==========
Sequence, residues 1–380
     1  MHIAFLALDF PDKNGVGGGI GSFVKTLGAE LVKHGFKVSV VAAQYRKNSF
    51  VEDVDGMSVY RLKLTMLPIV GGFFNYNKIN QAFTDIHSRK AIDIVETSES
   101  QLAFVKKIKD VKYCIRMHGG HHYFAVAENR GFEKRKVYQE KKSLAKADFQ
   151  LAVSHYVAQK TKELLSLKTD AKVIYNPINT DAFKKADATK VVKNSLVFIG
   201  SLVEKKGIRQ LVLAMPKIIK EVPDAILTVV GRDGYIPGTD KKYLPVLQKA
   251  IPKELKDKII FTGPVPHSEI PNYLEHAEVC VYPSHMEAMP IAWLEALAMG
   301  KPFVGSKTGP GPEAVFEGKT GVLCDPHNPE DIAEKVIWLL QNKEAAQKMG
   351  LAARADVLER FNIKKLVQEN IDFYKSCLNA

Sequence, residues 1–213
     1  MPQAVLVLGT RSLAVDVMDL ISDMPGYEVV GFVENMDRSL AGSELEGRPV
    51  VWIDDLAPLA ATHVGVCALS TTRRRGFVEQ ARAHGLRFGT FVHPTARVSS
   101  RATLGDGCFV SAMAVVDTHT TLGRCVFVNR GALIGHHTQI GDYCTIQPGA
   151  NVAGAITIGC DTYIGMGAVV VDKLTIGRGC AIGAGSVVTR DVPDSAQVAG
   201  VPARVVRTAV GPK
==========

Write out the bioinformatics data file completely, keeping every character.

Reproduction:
Sequence, residues 1–380
     1  MHIAFLALDF PDKNGVGGGI GSFVKTLGAE LVKHGFKVSV VAAQYRKNSF
    51  VEDVDGMSVY RLKLTMLPIV GGFFNYNKIN QAFTDIHSRK AIDIVETSES
   101  QLAFVKKIKD VKYCIRMHGG HHYFAVAENR GFEKRKVYQE KKSLAKADFQ
   151  LAVSHYVAQK TKELLSLKTD AKVIYNPINT DAFKKADATK VVKNSLVFIG
   201  SLVEKKGIRQ LVLAMPKIIK EVPDAILTVV GRDGYIPGTD KKYLPVLQKA
   251  IPKELKDKII FTGPVPHSEI PNYLEHAEVC VYPSHMEAMP IAWLEALAMG
   301  KPFVGSKTGP GPEAVFEGKT GVLCDPHNPE DIAEKVIWLL QNKEAAQKMG
   351  LAARADVLER FNIKKLVQEN IDFYKSCLNA

Sequence, residues 1–213
     1  MPQAVLVLGT RSLAVDVMDL ISDMPGYEVV GFVENMDRSL AGSELEGRPV
    51  VWIDDLAPLA ATHVGVCALS TTRRRGFVEQ ARAHGLRFGT FVHPTARVSS
   101  RATLGDGCFV SAMAVVDTHT TLGRCVFVNR GALIGHHTQI GDYCTIQPGA
   151  NVAGAITIGC DTYIGMGAVV VDKLTIGRGC AIGAGSVVTR DVPDSAQVAG
   201  VPARVVRTAV GPK